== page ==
Jordan Rossiter can't be feeling very good about his Rangers situation at the moment.
Well, the 21-year-old is fit, and when you've only managed 14 appearances for Rangers in three years due to injury then just being available is a bonus in itself, but he isn't playing at the moment and that is likely to remain the case for most of the second half of the season, unless he improves in a big way.
The Gers have just signed Steven Davis on a six-month loan and Glen Kamara - who has penned a pre-contract agreement to join this summer - might be coming to Ibrox earlier than expected.
Neither is particularly good news for the former Liverpool starlet and you wonder whether manager Steven Gerrard might be forced into a heartbreaking decision come this summer.
Rossiter has 18 months left on his contract but this is a player who earns £10,000 per week [Daily Mail] and if he isn't contributing then Gerrard really must move him on.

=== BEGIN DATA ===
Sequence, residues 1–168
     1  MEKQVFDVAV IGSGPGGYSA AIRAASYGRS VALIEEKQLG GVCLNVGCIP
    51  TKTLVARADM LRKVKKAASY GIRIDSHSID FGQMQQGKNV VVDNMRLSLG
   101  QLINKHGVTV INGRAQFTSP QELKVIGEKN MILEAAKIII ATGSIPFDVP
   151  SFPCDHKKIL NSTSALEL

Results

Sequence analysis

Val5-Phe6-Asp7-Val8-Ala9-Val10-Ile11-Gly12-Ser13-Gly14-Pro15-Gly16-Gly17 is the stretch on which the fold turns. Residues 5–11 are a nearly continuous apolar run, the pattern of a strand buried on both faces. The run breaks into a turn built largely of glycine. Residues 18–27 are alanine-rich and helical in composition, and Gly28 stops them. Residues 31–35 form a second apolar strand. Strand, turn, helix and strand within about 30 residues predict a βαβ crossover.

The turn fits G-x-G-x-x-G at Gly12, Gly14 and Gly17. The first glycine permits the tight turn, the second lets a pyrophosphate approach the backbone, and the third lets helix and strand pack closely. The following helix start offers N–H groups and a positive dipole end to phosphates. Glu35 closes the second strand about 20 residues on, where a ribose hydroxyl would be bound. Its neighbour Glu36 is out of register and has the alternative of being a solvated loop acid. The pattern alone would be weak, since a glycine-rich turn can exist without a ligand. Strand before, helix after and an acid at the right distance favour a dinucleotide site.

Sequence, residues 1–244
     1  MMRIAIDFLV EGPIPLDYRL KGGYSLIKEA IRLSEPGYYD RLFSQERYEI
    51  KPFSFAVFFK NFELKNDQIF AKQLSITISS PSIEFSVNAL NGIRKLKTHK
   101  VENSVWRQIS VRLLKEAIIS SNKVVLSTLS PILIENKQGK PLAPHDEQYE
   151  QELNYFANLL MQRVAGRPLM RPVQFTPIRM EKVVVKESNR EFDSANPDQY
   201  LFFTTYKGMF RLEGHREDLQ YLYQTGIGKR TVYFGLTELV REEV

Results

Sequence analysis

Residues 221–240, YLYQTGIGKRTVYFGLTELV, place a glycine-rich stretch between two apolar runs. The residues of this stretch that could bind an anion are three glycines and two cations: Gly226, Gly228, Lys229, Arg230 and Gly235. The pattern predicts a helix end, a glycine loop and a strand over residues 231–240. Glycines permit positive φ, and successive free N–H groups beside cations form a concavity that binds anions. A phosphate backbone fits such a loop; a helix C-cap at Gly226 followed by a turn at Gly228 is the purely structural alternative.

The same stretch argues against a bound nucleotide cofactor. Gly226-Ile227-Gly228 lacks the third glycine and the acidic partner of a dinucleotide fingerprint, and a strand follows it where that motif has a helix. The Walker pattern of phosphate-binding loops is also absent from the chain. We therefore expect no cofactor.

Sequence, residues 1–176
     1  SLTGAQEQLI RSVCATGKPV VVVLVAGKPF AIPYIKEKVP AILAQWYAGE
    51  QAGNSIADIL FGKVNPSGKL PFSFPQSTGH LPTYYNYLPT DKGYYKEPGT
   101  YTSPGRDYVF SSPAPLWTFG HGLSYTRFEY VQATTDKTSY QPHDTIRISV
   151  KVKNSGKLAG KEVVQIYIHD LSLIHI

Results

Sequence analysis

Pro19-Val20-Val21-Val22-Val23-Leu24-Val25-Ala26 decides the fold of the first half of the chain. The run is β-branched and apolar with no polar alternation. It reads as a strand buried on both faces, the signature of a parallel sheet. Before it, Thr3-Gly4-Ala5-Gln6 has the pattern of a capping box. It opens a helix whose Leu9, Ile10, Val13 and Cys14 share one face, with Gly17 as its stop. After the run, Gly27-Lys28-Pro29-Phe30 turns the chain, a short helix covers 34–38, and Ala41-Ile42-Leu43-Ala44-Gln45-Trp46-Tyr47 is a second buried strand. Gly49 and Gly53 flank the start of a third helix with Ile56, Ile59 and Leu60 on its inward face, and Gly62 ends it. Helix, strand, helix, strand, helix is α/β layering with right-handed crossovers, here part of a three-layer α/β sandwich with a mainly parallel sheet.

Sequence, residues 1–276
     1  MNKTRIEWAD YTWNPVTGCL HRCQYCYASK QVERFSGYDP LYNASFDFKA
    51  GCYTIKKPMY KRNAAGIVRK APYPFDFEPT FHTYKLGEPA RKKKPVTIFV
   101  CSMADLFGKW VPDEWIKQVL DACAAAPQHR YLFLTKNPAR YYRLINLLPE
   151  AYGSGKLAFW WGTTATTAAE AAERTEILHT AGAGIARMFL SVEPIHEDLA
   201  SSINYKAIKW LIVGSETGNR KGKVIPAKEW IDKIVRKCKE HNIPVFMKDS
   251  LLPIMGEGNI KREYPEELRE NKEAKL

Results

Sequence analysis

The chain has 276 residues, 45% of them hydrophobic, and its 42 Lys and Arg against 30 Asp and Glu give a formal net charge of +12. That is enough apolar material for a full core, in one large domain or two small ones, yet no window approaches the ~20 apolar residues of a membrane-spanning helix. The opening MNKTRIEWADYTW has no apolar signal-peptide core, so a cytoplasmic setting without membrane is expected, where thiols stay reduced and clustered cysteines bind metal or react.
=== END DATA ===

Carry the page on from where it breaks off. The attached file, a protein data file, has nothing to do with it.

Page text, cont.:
Gerrard is bound to have a soft spot for his former Liverpool team-mate, who he said was Rangers' best player in pre-season training last summer, but he hasn't kicked on this season despite being fit and despite getting chances under the Blues boss.
He was taken off after 58 minutes of the 1-1 draw at Dundee last month and although Gerrard didn't mention him by name, he did say in his post-match interview that some of his players weren't justifying his decision to pick them.
That was on December 9 and Rossiter has only had five minutes of senior football since.
He's a big talent, but for a while it seemed like fitness was the only thing standing between him and an excellent career in Glasgow, but now there's many obstacles in the form of Davis, Kamara, Scott Arfield, Ryan Jack and Ross McCrorie, and Graham Dorrans when he's fit again.
And then of course there's January target Craig Bryson [The Daily Record] who also plays in Rossiter's position.
If Rossiter doesn't do enough over the next five months to suggest that he deserves to go into the last year of his contract then Gerrard must consider cutting him loose, as hard as it might be.